About 20 years ago, I was going to college in rural Ohio surrounded by conservative Christians at a school that still held weekly chapel meetings. I made a lot of connections with people and got heavily involved in the student senate. As time went on, I began to see the need for the campus to have an organization for LGBTQ students.

Even many people who felt they could be out of the closet in other contexts didn’t feel comfortable telling others on campus that they were not straight. Rumors circulated that students who were not heterosexual would be removed from school. Some who came out as gay had been driven from their fraternities. One student who made extra money as a dancer had the word “fag” burned into the carpet outside his dorm room door. Another was hit in the head with a piece of ice by someone yelling “dyke.” And someone who had a passion for voguing and who wore a golf skirt to golf class got so frustrated with the reactions that he left school. The situation was challenging.

Some advised that the school was not ready for a group. Others suggested that we pragmatically “pick our battles.” There were many reasons to fear that we could not make a difference and could be hurt in the process. Despite suggestions that we were not being realistic, a network of friends and allies had already formed. We had the support of several deans, professors, chaplains, many on the student senate, people from the school paper, and others. What was really missing was the courage to make a principled push for a more respectful community. Someone needed to take the lead.

We sent a proposal to recognize a campus organization for LGBTQ students to the student senate, and the campus quickly became polarized. Christian groups collected signatures on petitions claiming that the town would be destroyed by fire. Some people began to avoid me while others sought me out. A dean privately advised that for safety I should avoid taking the same way home every day. When the proposal came for a vote, over 200 students and an area reporter were at the student senate meeting. The proposal to have a group did not pass its first vote, and the news went over the AP wire.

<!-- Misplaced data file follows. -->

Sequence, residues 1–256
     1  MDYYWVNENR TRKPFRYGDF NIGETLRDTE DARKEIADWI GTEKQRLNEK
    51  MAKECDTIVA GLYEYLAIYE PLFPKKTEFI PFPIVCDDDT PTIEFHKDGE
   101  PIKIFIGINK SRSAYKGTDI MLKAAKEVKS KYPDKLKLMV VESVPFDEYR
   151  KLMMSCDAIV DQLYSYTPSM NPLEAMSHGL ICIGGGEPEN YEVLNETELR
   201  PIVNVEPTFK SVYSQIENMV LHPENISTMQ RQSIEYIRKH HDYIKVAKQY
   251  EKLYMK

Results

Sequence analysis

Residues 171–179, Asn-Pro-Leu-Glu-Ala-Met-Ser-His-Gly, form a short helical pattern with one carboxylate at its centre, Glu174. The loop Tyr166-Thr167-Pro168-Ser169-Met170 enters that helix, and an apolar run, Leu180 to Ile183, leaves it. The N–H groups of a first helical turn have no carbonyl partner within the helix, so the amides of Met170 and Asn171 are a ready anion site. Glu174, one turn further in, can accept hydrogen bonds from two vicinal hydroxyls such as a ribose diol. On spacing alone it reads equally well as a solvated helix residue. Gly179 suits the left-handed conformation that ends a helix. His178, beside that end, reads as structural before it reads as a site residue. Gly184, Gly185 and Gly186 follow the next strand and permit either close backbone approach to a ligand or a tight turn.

We continued to make clear our support for the group by wearing rainbow bracelets, publishing letters to the editor, and creating displays for the student union. We called for a jeans day in which anyone who supported the group would wear jeans. In time, the idea of having a group on campus started to seem more ordinary, and the student senate recognized what’s now called “Open Doors.” At this time, the campus has multiple groups, hosts a drag show, and has protections against discrimination. Our principled push not only changed the campus but also encouraged me to question my own religious and political beliefs.

I share this story because it illustrates many important points. To call for change is an act of courage. In seeking recognition for our organization and pushing for a more respectful community, we had to prioritize our hopes rather than our fears. Right now, much of our society is caught in fear. Even some who call themselves “progressive” shrug along with tepid proposals and attempts to protect against further losses. Fear saps energy, keeps people isolated, encourages a self-centered outlook, and promotes a tough approach that lacks compassion. In an atmosphere of fear, a courageous call can inspire hope, connect people, and have a lasting impact. People with principles have power. What is “realistic” for our future is shaped by the choices we make and the actions we take.

Humanists have put forward a vision for respectful relationships among people and with the planet in documents like “Humanism and Its Aspirations.” Interfaith religious groups like the Parliament of World Religions and Network of Spiritual Progressives share similar ideals. As we make a principled push toward more thoughtful living, it’s not necessary to win every round. It is necessary to stick to our principles and stick together.

More information about the principles that many Humanists and some interfaith organizations support is available here:

The American Humanist Association


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